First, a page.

|The church is dedicated to St Michael the Archangel and was undoubtedly in existence well before the Domesday Book record. Nothing of that early building exists, though it was probably built of wood with a thatched roof. It has experienced many re-buildings and renovations during its history, and we pick up a record of these in wills of the 15th century. These include bequests for images to be made for the candelbeme (rood beam); for repair of a ‘certain vault’ for a pane of St Jerome; for a ‘new stepyll’ (tower) and for the making of a new porch. Also dating from this period is the font. Much of the decoration done at this time was destroyed by the Iconoclasts during the reign of Edward V1, in an attempt to rid the church of idolatry and superstition. Cromwell and his men completed the job by removing the angels who held up the font. A close association between the Church and the estate can be traced back to the time of the manor. In 1546 Philip Wolverston sold two of the three church bells together with two sets of vestments. When brought before the Royal Commissioners, his defence was that they were not worth very much and that anyway, he had supposed that “ye sayd church to be heys oune chapel” – he was fined £20!
In the 19th century, Woolverstone Church showed a strong inclination in worship to Anglo-Catholic spirituality. This was encouraged in no small part by the Berners family. In the considerable re-building that was undertaken, it is clear that the Berners family were both motivators and providers. In 1832, a transept, vestry and chancel aisle were added to the north side. In 1866, the chancel was rebuilt with the addition of a sedilla and priscina and a new east window.
In 1888, the last major re-building work took place to create the building we have today. An entire new nave was built with chancel and vestry removing previous re-building. This new nave and chancel became the main worship area and was furnished along the thoughts and patterns of the Oxford movement. The original nave was relegated to a south aisle. The cost of this work was £5765.16s.3d and was paid for by the squire, Captain Hugh Berners. This enlargement of the Church shows the concern that the squire and his family had for the spiritual needs of their workers. It shows concern that was both religious and practical.
Parsons in Passing
If the 19th century showed a strong Anglo-Catholic influence at work, go back a couple of centuries to the 17th century and we see something quite different. At that time the ministry at Woolverstone, like many churches in the Ipswich area, had been touched by the rapid growth of Puritanism in East Anglia. This developed with the arrival of the ‘honest Netherlanders’ who settled here. These foreign artisans and their families were weavers and associated tradesmen. Eventually their nonconformity produced a reaction from the hierarchy in Norwich and London. As the orders to conform became more stringent, so many resolved to flee to New England. This ‘flitting’ of the weavers led to considerable economic problems and attempts were made to prevent their leaving. The rector of Woolverstone, one Timothy Dalton, had a brother who fled in 1635, in the face of ecclesiastical persecution. It appears that Timothy was deeply involved in arranging transport for these refugees, for his activities were complained of by the Royal Commissary in Ipswich. In 1636, he was suspended from his duties by Bp Wren of Norwich, for disobedience to Episcopal edicts.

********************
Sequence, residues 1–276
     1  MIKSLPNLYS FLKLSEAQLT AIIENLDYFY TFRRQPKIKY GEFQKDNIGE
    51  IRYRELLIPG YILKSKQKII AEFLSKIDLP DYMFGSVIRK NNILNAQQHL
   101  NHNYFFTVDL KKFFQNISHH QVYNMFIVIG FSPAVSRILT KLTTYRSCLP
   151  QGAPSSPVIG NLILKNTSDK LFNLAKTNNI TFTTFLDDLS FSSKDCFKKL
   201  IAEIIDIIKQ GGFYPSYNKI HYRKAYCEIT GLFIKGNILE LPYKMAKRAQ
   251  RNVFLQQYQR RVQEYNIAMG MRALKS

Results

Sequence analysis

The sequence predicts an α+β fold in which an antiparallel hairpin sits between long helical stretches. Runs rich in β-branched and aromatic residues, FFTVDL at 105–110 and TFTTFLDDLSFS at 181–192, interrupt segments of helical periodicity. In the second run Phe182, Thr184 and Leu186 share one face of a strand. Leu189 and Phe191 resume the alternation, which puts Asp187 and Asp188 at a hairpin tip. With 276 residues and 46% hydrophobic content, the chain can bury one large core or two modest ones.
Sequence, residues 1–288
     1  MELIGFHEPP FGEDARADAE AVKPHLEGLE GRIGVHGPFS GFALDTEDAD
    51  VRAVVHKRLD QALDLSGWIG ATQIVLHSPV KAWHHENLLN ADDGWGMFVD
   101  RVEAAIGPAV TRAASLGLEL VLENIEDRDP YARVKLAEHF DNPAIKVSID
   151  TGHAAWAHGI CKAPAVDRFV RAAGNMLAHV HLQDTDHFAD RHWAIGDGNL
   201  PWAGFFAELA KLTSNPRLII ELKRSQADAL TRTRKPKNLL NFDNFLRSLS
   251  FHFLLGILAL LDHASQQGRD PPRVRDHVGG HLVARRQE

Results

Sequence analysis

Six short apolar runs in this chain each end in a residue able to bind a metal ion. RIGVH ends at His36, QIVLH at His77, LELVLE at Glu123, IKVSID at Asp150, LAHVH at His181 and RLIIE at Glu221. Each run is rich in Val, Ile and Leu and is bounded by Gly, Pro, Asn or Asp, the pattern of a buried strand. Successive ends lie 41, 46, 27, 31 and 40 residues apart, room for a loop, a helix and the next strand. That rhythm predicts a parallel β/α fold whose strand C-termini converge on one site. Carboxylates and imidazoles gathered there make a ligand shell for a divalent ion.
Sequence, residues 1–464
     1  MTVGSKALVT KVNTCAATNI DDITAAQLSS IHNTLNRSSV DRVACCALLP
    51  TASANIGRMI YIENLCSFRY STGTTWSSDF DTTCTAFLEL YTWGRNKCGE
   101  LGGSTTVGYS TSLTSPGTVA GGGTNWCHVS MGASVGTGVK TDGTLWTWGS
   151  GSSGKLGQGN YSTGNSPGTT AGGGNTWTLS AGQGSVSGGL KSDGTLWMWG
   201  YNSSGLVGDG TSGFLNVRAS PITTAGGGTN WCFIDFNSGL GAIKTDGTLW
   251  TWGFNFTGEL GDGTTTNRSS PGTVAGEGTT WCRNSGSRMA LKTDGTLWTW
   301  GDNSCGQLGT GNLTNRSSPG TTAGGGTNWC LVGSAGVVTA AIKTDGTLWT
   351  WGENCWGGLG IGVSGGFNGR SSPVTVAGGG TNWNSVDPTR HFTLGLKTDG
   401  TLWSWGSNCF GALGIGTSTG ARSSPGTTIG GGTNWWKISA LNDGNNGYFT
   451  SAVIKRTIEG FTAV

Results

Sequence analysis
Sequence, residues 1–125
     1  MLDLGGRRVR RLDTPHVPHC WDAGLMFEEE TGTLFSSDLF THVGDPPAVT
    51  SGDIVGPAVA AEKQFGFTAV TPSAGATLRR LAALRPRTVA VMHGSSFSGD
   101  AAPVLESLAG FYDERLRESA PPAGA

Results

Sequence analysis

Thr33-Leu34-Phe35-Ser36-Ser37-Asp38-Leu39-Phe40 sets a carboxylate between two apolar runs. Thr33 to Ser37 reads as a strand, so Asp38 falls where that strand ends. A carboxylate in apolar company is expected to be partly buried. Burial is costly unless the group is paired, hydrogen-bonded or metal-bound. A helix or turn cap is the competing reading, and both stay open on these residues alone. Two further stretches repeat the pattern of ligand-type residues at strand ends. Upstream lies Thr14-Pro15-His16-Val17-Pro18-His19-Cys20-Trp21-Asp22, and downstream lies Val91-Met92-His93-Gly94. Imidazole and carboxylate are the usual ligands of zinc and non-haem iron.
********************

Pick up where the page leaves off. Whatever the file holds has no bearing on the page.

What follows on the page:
Many other ministers in Ipswich and surrounding areas were similarly suspended for various offences such as refusing to read publicly the King’s (Charles) declaration in favour of Sunday sports. After his suspension, Timothy Dalton built himself a small house (the position of which is one of those fascinating mysteries of history still to be resolved). He has been living at Woolverstone since 1615 and during this time had acquired land. He was undoubtedly acquainted with William Andrews, a master mariner with two ships – ‘Elizabeth’ and ‘Francis’ which were used in taking immigrants to the New World and who owned land in Woolverstone. Maybe it is on one of these ships that Timothy Dalton himself went in 1637, for we next hear of him being made a freeman of Dedham, USA.